One of Kimberly's favorite pastimes is spoiling Sally with new toys, comfy beds and yummy treats (she even makes homemade goodies for her). She tries to purchase the safest products for Sally and knows that each canine has their own specific likes and dislikes. Kimberly is passionate about dogs, and knows the bond between humans and canines is like no other.

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Disclaimer: The information provided through this website should not be used for diagnosing or treating a health problem or a disease. It is not a substitute for professional care. If you have or suspect you may have a health problem, you should consult your health care provider.

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Evamarie
My Bichon is a Diabetic with Immune Mediated Neutropenia and Cataracts for the last year and a half she has spent numerous visits to the animal hospital vets and had been on a quite extensive medication regime and surgeries. About 6 weeks ago she started having blood in her urine took her to vet and results were UTI E.coli bacteria, 1 week antibiotics, off 3 days and returned so another 10 days of antibiotics, off 3 days went for another follow up, still same Bacteria, increased the dose and was on for another week, 3 days off again went back to Vet results still with same bacteria. Stopped the antibiotics and she is on the Cranberry pills which may after a week might be causing some GI issues although I give her pills to help her GI. Doctor said maybe start Bactrim after 2 weeks. Also wondering what diet should she be following? Is Organic Apple Cider Vinegar good? Challenging because she’s also a diabetic. Cost are $1,500 so far with the costs of the tests and prescription medications and would be nice to cure her with more of a natural remedy. I’m not keeping the Vet out of the equation but it’s good to get other opinions. Thank you.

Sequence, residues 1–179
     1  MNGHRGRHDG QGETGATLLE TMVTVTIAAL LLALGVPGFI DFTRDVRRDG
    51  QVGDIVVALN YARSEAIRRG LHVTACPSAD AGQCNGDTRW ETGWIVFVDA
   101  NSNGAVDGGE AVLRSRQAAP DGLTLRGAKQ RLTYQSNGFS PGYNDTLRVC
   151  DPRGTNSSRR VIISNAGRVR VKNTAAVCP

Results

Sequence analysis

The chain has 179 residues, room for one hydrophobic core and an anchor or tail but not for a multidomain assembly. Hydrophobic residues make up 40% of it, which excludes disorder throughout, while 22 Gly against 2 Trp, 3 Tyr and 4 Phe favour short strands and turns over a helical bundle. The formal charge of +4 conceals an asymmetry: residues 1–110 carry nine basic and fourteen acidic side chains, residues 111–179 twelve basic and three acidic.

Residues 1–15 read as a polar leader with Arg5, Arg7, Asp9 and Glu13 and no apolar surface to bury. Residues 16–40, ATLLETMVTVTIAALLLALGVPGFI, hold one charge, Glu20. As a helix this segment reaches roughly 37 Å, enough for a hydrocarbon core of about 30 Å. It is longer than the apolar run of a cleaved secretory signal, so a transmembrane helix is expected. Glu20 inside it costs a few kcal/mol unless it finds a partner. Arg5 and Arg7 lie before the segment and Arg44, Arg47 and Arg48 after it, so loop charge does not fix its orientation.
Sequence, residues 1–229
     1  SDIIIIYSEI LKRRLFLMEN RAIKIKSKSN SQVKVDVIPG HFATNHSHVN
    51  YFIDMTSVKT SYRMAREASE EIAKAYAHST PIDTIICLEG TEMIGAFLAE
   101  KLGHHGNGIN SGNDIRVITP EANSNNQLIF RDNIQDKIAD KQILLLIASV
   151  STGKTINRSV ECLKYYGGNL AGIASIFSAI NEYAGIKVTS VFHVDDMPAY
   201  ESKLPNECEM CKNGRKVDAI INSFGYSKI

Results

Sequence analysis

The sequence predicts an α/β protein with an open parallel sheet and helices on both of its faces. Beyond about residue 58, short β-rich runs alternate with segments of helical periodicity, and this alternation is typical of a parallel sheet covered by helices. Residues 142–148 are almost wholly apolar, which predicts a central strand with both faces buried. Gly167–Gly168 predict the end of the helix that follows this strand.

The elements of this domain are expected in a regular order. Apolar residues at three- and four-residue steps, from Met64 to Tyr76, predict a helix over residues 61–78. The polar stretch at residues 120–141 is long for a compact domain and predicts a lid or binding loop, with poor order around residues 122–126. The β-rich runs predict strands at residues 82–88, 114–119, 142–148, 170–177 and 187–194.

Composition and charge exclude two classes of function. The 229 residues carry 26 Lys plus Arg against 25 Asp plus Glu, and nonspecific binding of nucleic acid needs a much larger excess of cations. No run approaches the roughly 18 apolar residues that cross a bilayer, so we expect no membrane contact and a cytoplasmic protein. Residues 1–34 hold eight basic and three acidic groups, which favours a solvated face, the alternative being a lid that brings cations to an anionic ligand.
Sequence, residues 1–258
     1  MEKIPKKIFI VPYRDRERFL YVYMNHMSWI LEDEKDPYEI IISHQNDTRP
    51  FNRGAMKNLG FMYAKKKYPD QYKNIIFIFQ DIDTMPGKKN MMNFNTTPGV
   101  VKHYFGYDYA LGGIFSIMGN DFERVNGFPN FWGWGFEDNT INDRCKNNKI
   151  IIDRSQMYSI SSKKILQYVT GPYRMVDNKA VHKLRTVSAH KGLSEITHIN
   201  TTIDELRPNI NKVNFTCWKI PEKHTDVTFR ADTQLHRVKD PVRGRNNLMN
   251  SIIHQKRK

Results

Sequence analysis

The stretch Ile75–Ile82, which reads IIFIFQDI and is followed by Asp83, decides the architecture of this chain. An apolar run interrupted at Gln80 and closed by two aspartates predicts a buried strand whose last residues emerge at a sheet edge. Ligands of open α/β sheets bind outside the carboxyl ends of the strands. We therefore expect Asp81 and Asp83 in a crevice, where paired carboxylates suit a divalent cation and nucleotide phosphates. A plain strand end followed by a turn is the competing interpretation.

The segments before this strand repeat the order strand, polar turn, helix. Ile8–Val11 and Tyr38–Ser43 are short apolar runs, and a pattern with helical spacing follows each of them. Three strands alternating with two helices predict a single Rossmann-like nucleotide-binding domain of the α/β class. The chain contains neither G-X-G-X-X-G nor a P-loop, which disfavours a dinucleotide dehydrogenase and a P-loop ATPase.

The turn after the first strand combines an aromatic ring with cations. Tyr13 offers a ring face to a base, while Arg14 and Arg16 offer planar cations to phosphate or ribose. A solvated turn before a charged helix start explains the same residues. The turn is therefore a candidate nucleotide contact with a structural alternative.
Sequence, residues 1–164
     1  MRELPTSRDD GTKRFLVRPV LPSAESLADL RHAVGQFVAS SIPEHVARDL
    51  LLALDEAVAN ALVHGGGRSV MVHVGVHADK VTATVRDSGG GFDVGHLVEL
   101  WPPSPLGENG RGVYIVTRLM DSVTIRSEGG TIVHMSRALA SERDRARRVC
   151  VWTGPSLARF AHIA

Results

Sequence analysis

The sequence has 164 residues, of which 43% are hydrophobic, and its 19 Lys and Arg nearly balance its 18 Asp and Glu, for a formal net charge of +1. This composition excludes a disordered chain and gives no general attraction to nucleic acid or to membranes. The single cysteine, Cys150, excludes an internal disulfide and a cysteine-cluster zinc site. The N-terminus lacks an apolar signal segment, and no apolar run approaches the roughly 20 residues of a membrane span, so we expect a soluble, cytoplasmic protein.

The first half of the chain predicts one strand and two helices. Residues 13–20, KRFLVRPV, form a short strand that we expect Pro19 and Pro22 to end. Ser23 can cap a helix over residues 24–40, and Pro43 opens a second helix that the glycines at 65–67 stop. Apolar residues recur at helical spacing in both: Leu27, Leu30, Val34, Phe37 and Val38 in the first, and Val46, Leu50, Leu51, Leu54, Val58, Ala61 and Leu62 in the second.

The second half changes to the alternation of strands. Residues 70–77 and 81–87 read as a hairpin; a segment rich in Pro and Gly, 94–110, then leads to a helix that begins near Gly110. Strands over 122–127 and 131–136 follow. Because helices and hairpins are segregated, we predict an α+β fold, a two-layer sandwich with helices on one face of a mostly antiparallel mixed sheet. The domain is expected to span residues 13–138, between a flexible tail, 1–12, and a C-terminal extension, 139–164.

Susan Mallory
My shih tzu is experiencing the same symptoms I have been having n during my regular physical today; my doctor found I have UTI so I’m thinking my ltl girl does also…..I would like to have her urine checked out but don’t want to pay out the expense of a vet if I can treat my 5 year old shih tzu doggie at home. …
Stephanie B
This is so cool, I wish I had found this sooner, and somehow I didn’t see them on Shark Tank (but LOVE that show). Going to order one of these and see how it goes.